Consistency is a key part of creating a stakeholder trust because it enables them to plan and work more efficiently. They know when they’ll receive an update and that a deliverable will arrive on their desks on time. And they’ll know that, when they need it, they’ll get the support they need. 

But, perhaps even more importantly, being predictable shows that you care about and value their time. They won’t have to guess when they’re going to hear from you or if they’ll have everything they need. Instead, you’re making their job easier simply by doing your job well.

8. Create opportunities for frequent feedback and follow-up

By making it as easy as possible for your stakeholders to share their thoughts, offer feedback, and follow-up, you can help streamline communication and simplify what many often think of as the most difficult aspect of working relationships: giving criticism.

Try to build in as many opportunities as possible for your stakeholders to weigh in with their thoughts and opinions. This could just mean reserving five minutes at the end of each meeting for open-ended discussion. Or it could involve proactively reaching out to them on a regular basis to check in to see how they’re feeling about your progress. Like other items on this list, this demonstrates that you respect their viewpoint and want them to contribute, both of which are foundational to a trustworthy relationship.

Related: 4 best practices for collaborative project management

9. Address conflict with a problem-solving mindset

Conflict is bound to happen at some point. Perhaps your team simply can’t come to an agreement on a project detail. Or maybe there’s a specific stakeholder who is difficult to work with. Even if you do your best to avoid conflict, it will still happen — which is why you can build trust by knowing how to address it.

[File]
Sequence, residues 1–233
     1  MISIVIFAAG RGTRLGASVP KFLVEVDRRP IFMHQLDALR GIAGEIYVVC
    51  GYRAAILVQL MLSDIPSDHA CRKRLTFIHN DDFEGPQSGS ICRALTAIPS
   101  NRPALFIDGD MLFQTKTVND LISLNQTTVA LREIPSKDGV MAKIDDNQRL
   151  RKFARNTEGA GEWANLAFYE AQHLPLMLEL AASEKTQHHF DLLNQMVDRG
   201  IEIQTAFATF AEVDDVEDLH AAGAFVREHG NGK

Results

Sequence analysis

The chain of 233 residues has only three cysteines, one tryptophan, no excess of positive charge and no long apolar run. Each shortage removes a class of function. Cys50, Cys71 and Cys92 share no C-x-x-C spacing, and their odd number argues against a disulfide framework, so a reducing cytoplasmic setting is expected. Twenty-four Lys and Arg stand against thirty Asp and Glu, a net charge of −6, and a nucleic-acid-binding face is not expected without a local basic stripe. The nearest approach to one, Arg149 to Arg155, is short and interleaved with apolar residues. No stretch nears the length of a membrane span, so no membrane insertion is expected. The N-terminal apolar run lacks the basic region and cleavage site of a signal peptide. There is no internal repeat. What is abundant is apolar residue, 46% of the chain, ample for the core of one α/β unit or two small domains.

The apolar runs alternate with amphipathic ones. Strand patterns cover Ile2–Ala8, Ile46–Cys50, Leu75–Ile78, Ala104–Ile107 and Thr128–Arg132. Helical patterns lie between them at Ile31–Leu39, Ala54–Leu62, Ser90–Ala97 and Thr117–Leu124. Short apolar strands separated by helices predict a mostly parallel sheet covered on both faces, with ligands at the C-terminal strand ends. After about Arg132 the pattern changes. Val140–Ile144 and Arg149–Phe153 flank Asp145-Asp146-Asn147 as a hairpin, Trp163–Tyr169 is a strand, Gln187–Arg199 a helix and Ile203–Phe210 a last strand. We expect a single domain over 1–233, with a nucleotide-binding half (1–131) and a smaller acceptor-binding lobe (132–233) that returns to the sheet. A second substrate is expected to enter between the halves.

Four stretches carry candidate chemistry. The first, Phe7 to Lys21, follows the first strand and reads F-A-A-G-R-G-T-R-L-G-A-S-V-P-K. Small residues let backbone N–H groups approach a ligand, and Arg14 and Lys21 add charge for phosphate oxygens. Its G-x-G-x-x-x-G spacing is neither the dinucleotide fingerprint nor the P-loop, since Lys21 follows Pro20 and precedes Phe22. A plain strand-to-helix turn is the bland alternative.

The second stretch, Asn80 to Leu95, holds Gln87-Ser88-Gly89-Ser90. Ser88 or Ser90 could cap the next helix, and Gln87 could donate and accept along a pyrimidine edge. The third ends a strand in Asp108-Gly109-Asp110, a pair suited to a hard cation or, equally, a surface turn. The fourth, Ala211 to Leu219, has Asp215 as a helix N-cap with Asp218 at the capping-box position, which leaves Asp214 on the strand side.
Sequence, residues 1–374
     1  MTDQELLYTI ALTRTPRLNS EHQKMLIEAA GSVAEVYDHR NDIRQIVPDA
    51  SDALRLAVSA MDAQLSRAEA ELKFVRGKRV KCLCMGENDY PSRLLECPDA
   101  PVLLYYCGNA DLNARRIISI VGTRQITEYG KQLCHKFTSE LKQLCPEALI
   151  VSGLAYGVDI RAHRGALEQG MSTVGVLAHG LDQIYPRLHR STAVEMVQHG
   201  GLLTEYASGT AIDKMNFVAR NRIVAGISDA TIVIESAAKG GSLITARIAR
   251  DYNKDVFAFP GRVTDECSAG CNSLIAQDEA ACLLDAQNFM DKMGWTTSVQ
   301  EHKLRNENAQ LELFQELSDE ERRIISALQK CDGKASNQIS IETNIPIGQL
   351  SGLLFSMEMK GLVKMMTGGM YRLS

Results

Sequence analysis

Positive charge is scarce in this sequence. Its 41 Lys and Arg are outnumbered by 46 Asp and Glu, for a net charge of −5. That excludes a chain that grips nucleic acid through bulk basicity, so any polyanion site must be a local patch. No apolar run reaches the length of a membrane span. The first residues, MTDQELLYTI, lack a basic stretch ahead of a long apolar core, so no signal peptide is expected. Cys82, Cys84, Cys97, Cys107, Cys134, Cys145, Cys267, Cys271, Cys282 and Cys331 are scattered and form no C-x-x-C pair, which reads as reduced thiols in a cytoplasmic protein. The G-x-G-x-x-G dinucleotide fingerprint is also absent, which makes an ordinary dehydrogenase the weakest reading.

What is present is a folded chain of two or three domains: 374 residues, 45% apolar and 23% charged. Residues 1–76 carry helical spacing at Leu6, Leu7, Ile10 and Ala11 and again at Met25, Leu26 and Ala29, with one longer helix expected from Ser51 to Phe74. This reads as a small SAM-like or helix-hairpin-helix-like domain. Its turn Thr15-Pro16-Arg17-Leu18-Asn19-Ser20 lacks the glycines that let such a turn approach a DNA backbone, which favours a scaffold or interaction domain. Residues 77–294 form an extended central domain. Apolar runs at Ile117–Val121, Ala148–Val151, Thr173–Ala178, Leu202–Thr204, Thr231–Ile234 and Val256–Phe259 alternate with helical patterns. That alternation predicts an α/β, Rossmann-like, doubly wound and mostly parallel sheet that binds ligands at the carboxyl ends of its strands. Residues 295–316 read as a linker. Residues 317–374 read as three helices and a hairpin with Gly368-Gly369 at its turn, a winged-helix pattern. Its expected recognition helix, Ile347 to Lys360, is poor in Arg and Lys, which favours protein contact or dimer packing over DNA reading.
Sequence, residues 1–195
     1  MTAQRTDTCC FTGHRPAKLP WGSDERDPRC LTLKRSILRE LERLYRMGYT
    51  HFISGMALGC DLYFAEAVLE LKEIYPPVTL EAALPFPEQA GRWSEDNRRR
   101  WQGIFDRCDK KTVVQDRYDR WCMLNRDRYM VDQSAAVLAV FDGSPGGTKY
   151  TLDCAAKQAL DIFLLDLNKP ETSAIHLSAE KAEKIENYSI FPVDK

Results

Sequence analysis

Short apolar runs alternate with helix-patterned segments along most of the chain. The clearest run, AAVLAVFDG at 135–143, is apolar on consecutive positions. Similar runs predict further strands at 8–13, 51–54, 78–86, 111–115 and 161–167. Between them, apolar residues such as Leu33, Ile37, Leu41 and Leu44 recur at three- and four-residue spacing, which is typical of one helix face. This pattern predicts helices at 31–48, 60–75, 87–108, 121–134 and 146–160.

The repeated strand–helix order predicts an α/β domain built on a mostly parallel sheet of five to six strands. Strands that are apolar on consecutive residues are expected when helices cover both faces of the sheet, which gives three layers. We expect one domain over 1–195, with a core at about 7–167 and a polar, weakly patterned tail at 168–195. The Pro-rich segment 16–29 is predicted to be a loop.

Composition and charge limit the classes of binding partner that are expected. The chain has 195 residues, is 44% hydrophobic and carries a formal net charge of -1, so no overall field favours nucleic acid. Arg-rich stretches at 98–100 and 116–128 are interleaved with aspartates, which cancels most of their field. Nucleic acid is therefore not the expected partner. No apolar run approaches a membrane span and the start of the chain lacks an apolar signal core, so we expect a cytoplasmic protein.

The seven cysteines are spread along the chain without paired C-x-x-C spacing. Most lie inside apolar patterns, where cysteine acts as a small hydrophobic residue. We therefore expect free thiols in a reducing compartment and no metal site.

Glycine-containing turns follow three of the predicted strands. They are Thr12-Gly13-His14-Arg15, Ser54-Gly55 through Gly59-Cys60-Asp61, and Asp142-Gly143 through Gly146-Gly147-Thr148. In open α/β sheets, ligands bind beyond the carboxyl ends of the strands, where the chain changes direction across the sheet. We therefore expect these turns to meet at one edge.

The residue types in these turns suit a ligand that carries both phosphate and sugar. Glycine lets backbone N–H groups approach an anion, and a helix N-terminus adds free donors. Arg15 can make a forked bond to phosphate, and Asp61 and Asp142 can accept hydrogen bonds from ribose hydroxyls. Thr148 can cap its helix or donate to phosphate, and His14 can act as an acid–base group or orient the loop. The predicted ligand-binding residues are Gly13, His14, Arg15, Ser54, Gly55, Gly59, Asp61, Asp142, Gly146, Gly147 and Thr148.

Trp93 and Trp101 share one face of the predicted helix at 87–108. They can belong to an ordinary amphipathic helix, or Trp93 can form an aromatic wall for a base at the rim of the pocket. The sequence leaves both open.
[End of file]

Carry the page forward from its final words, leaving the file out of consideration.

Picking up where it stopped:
Try to look at every conflict as an opportunity to solve a problem. Start out by recognizing it promptly, then engaging in an open dialogue to discover what exactly is wrong. If you can find common ground, such as a shared project goal or value, then you can begin the process of working toward some sort of resolution. Be creative as you search out solutions — and be patient. Your reward will be stakeholders who have even more confidence in your abilities.

10. Know when to challenge them

Listen to your stakeholders when it comes to certain items, such as their preferred working style, the goals they’d like to achieve, and how they define success. But making them see you as trustworthy and competent also means knowing when to push back against their ideas and expectations.

This can be tricky, but very effective when done well. It should begin by having a clear view of which topics your team has expertise. For instance, if you’re a design expert, don’t assume you have to take in every design idea your stakeholders give you. Instead, when you think you can give them more value in a different way, go ahead and challenge them. As long as you are keeping their larger goals and expectations in view, it’s more than likely they’ll appreciate your honesty.

Stakeholder trust is earned over time

There’s no way around it: Building stakeholder trust is a gradual process. From your first interaction, you should start demonstrating that you are committed to this process. Show that you plan to communicate openly and regularly, are dedicated to transparency, and genuinely care about their ongoing needs. While this may take time, as well as effort on your part to practice these strategies regularly, the result will be a more productive and rewarding relationship — both for your stakeholders and yourself.

But you don’t have to do this all on your own. Mural’s open-ended design gives you an endless variety of ways to communicate, collaborate, and produce consistently excellent results. If you don’t want to start from scratch, we have an entire library of templates to get you started fast.

Want to start strengthening stakeholder trust even more? Take your client engagements to the next level with our client collaboration cheat sheet.

About the authors

About the authors

David Young

David Young

Contributing Writer
David is a contributing writer at Mural, focused on covering collaboration, meetings, and teamwork. He's been working in the hybrid tech space for over 10 years and has been writing about it nearly as long. When he's not doing that, he's probably cooking up a meal.

white x icon

Get the Free 2023 Collaboration Trends Report

Extraordinary teamwork isn't an accident

By continuing, I agree to receive news, offers, collaboration tips, and invitations to surveys, webinars and events from Mural and the event sponsors. I can unsubscribe at any time. For more information, please see our Privacy Statement.
We are sorry, something went wrong while submitting the form. Please try again.